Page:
Laurie Santos Professor of PsychologyDirector of the Comparative Cognition Laboratory, Yale University
Laurie Santos researches the evolutionary background of the human brain by studying non-human primates in her Comparative Cognition Lab at Yale. In a series of fascinating experiments, Santos’ team has investigated economic decision making in capuchin monkeys. Researchers created a form of money: tokens that the monkeys could trade for food. They found that the monkeys made consistently irrational decisions, mirroring the same bad financial choices that people make. For example, the monkeys demonstrate the same loss-aversion behavior—treating losses as more important than gains— as human beings. This suggests that some of the core biases of the brain that shape human behavior were also present in our remote pre-human ancestors, and have been maintained through evolution. Santos believes that understanding the built-in biases of the human brain is crucial to encouraging rational behavior. As she puts it, “...the irony is that it might only be in recognizing our limitations that we can really actually overcome them.” She is currently researching whether primates have a precursor to theory of mind, the ability to imagine the thoughts and feelings of others. In 2012, she spoke at the Being Human conference in San Francisco.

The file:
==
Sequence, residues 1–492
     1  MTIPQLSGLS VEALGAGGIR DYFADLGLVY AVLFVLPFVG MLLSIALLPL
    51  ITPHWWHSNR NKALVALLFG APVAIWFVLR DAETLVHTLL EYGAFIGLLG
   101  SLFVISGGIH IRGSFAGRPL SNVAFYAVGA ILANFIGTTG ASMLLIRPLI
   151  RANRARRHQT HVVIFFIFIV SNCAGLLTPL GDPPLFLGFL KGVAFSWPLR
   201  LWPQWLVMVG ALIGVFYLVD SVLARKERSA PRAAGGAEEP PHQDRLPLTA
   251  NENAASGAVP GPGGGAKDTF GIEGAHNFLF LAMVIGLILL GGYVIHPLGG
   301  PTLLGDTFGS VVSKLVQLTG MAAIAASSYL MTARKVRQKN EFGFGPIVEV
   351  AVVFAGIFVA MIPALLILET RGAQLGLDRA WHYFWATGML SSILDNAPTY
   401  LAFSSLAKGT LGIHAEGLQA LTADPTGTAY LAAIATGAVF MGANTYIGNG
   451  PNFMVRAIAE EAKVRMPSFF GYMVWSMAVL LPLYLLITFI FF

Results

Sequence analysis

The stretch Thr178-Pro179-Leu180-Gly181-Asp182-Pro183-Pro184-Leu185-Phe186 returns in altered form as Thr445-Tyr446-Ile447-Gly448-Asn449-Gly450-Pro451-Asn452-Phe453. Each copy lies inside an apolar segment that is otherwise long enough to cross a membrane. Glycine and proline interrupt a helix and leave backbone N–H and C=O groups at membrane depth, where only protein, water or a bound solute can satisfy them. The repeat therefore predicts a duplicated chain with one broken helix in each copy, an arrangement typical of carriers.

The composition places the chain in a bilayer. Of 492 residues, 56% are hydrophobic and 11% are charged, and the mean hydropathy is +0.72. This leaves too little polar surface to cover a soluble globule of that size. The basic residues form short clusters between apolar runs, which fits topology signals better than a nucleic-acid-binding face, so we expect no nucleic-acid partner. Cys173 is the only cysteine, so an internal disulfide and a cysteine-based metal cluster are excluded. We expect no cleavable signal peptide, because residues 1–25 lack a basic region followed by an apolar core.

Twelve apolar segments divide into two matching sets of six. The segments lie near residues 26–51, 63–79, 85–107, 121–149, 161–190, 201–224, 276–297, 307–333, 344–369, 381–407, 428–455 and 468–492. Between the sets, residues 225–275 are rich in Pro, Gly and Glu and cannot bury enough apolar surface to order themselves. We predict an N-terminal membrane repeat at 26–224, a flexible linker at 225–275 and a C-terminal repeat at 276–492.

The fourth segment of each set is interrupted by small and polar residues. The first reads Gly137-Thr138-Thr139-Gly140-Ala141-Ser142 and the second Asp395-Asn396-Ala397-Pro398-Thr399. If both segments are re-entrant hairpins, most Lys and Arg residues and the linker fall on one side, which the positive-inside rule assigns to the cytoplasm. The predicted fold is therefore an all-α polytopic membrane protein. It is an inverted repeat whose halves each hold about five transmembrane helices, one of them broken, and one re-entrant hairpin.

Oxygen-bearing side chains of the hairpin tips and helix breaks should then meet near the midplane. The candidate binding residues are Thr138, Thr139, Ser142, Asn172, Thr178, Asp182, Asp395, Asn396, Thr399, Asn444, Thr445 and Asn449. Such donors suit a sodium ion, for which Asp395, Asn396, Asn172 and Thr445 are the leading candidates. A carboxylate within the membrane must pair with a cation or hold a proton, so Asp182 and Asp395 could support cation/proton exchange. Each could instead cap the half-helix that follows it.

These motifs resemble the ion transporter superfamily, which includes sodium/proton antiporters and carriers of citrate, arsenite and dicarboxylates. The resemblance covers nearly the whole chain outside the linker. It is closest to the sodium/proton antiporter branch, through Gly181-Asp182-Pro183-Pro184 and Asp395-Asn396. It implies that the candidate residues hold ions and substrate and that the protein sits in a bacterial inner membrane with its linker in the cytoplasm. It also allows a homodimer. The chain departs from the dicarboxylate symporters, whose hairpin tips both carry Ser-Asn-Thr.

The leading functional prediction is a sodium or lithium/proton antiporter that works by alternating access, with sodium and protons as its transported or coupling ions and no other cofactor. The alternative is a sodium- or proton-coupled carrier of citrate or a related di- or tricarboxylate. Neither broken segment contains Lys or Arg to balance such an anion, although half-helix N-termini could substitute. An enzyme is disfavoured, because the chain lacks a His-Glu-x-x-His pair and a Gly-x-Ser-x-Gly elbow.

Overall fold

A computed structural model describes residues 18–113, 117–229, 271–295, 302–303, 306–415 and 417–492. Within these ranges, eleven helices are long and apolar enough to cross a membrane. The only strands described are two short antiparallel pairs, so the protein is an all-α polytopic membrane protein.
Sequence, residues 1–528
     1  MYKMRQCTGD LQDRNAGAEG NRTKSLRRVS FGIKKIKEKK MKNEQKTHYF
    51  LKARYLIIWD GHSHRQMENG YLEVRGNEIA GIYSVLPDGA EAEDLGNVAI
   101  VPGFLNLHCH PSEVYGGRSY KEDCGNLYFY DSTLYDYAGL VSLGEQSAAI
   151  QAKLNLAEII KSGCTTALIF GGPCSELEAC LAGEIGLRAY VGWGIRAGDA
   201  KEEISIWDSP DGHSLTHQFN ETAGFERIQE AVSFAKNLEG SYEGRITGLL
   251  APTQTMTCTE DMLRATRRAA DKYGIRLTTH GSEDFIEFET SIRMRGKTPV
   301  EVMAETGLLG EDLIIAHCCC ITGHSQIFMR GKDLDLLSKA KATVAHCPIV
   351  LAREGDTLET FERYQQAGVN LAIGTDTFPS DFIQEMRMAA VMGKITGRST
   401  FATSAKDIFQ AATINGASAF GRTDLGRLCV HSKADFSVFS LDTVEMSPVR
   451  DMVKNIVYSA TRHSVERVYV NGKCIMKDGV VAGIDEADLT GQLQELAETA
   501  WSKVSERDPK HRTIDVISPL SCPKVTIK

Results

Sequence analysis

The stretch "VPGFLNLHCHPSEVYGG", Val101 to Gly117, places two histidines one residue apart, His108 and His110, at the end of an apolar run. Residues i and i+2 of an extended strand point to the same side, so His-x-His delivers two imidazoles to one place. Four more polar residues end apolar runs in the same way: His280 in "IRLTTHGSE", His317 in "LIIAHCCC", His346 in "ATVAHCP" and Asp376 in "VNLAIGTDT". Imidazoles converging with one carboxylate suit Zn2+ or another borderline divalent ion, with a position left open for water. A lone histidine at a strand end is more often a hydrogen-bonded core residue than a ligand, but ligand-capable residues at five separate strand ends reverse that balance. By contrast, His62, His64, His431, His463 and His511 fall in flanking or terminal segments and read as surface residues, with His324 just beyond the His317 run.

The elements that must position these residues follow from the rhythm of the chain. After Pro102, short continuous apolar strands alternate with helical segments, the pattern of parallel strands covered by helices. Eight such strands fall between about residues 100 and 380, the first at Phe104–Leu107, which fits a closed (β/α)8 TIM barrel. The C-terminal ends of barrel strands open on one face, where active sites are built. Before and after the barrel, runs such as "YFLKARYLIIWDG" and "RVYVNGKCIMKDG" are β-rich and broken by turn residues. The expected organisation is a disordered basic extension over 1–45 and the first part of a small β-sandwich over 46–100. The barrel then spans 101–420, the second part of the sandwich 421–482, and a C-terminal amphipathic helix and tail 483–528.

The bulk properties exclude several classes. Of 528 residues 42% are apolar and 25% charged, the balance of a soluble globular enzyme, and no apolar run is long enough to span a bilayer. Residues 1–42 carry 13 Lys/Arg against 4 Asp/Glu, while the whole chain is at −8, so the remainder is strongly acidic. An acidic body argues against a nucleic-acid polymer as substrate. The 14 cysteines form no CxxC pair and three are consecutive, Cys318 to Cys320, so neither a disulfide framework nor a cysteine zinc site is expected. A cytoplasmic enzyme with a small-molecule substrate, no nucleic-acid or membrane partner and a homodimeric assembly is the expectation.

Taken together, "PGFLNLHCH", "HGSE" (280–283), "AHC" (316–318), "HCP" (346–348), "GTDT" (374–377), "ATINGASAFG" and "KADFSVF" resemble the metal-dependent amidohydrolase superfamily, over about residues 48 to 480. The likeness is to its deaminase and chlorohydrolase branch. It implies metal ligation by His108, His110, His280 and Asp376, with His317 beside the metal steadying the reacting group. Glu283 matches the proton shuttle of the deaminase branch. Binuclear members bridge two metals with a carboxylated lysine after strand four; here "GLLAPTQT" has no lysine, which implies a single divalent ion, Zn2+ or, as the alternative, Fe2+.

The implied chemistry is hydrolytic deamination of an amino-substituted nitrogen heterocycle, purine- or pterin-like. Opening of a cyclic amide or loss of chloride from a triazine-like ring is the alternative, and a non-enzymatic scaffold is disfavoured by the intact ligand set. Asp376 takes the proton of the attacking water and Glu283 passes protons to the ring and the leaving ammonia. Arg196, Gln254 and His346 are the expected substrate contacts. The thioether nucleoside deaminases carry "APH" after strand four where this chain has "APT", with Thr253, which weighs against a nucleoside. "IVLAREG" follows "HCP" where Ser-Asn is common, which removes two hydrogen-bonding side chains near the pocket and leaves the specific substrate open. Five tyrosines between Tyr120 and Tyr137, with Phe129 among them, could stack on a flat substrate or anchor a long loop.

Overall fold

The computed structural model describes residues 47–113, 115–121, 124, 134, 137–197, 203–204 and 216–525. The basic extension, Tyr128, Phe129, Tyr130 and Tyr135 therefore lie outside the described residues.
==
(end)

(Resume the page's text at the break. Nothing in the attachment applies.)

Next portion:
The Origins of Object Knowledge (co-edited with Bruce Hood)